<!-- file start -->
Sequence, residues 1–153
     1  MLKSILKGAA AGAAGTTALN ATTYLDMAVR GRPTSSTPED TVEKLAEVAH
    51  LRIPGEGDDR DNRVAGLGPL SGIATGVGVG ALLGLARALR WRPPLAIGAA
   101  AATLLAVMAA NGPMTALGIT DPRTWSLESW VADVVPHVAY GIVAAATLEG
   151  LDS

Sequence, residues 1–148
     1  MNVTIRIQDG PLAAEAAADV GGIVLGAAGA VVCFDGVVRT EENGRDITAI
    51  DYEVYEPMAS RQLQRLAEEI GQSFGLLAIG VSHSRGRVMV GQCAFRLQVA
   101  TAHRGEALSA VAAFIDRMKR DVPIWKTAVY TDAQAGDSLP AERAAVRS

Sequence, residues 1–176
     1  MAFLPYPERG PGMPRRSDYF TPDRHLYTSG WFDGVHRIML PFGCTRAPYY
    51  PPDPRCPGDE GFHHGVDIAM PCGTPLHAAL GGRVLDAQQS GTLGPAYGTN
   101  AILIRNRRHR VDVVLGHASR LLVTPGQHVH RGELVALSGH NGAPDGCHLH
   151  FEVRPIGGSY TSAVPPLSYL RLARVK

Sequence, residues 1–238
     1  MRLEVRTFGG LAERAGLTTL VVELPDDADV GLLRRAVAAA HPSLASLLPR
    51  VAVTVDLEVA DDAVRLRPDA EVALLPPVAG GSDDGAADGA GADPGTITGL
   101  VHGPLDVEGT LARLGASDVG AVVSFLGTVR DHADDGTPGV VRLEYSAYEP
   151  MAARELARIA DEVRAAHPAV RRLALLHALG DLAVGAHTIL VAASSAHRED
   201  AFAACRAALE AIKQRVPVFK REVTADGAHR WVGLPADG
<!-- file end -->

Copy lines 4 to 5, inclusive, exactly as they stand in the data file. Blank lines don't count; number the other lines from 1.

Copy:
   101  AATLLAVMAA NGPMTALGIT DPRTWSLESW VADVVPHVAY GIVAAATLEG
   151  LDS